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Sunday, April 24, 2011
Monday, April 18, 2011
The history which Andrew J. Kettle presents of his grandmother Mary O'Brien O'Kavanaugh may very well tend toward romantic notions, since memoirs are by nature anecdotal; however, while accounting for such notions it is still possible to find in Andrew's memoirs some interesting details of the life led by Mary O'Brien O'Kavanaugh. As with all things when we conduct research, what I have found here led me in other directions toward documents of a more substantive nature, some of which support Andrew J. Kettle's accounting.
Of his grandmother Mary O'Brien O'Kavanaugh he writes:
...Mary O'Brien was a very remarkable woman in her time. Her medical skill was so much availed of that her large business premises at Turvey was largely used as a kind of private hospital. She was well known to the Dublin surgeons and many cases pronounced incurable came right under her ministration. She lived at a time when whiskey, not porter, was the beverage of the people, and she made a private request when dying, that her funeral was to take place a day before the usual time to prevent trouble at the great concourse of people that was likely to assemble round her graveside.
As an Irishwoman she held the right faith and played a brave part in 1798. Her family kept an extensive carman-stage at Turvey, and she was the messenger and buyer for the establishment. In this way she armed the men of North Dublin with guns and pikes. Her procedure was on her weekly visit to Dublin to secure an escort for her mission. She was very good-looking and she put her comether on the Barony constable, a handsome active fellow named Leggett, whose headquarters were in Swords. This young Government man met her at Santry on her weekly journey from Dublin, and unconsciously sat on the pikes and guns until he saw her and her driver safely past Lissen Hall, through all the turnpike gates and other obstructions....Mary O'Brien had a little more to do before she settled down to work for humanity. When the Rising was crushed in Wexford a good many of the scattered remnants of the patriot army found their way to North Dublin. There were a few harboured by the small farmers about Killeek and other places, but the majority found refuge and succour round Turvey Hill. There seemed to be less suspicion of strangers knocking about a carman-stage and large farming establishment where there was a business bustle going on. The chief hiding place of the rebels when the Yeos would be scouring the country, was about the estuary at Rogerstown, where horsemen could not follow them. There Mary O'Brien managed to support them until many of them escaped from Ireland.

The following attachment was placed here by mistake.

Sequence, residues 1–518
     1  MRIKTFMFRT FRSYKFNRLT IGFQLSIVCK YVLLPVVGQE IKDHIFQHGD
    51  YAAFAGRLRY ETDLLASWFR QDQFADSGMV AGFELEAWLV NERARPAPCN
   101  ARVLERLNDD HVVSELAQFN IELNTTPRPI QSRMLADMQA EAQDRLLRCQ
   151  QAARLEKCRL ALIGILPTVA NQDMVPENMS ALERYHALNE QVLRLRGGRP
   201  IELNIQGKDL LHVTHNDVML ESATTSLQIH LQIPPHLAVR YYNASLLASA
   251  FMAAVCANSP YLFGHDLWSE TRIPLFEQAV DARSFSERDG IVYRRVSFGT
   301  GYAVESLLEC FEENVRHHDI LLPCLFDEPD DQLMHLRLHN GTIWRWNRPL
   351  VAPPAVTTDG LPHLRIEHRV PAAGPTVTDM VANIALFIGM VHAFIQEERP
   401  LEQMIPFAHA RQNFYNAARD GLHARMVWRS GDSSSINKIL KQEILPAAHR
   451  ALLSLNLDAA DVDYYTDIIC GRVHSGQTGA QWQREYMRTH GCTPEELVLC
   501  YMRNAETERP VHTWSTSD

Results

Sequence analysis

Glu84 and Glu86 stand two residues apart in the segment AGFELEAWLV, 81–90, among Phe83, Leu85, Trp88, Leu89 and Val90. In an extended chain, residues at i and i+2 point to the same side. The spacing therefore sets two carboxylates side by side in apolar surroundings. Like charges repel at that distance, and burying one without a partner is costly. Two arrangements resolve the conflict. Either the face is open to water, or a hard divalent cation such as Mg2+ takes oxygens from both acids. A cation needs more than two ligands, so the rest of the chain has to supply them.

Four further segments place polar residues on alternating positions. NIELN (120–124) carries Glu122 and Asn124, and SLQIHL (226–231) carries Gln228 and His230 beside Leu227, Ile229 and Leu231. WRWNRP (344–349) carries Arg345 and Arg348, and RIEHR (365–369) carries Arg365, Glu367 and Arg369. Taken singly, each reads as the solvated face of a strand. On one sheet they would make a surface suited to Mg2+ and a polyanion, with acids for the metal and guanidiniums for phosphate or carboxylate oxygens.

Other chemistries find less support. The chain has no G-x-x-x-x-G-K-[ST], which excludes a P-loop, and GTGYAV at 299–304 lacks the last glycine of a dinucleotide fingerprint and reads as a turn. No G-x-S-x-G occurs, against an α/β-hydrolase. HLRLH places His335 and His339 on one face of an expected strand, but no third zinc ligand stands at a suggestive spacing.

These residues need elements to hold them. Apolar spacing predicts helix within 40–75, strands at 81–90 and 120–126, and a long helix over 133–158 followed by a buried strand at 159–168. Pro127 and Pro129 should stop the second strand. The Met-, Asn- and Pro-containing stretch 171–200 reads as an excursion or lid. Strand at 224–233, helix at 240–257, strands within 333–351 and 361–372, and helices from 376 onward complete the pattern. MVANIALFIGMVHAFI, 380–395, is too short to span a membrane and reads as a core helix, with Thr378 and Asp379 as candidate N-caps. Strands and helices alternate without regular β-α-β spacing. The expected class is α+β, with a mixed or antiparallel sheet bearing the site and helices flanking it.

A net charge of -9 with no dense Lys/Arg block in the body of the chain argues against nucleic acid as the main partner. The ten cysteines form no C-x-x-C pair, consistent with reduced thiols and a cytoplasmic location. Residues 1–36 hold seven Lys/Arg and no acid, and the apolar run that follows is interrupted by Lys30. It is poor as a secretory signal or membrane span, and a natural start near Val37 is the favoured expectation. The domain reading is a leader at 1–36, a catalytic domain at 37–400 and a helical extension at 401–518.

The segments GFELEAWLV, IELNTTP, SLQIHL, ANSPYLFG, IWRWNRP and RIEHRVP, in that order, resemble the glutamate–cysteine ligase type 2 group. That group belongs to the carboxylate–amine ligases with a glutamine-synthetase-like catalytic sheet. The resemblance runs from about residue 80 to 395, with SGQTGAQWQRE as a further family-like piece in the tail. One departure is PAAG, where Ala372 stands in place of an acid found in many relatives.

©Copyright J. Geraghty-Gorman 2011. All Rights Reserved.
Thank you to The Graphics Fairy for the lovely graphic.